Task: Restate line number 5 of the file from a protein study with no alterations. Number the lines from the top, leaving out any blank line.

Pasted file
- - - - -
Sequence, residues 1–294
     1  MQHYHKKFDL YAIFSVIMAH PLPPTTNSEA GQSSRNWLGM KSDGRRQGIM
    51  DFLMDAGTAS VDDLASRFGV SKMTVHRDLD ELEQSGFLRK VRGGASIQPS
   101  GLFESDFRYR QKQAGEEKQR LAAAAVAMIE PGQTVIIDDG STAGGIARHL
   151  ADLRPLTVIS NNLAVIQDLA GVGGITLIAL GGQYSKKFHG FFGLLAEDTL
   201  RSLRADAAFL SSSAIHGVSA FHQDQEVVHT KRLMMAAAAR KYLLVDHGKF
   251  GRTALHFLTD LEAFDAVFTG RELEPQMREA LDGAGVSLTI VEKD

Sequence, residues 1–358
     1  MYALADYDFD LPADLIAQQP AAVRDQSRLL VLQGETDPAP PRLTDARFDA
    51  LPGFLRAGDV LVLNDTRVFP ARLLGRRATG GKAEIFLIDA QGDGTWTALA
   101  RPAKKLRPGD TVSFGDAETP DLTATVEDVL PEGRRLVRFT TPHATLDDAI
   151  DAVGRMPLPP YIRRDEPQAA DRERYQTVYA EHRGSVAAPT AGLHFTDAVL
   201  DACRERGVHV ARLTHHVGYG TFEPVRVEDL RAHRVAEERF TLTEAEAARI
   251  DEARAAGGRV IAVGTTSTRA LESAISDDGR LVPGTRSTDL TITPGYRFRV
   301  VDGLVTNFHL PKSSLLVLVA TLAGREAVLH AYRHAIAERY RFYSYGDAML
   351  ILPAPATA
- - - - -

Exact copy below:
   151  ADLRPLTVIS NNLAVIQDLA GVGGITLIAL GGQYSKKFHG FFGLLAEDTL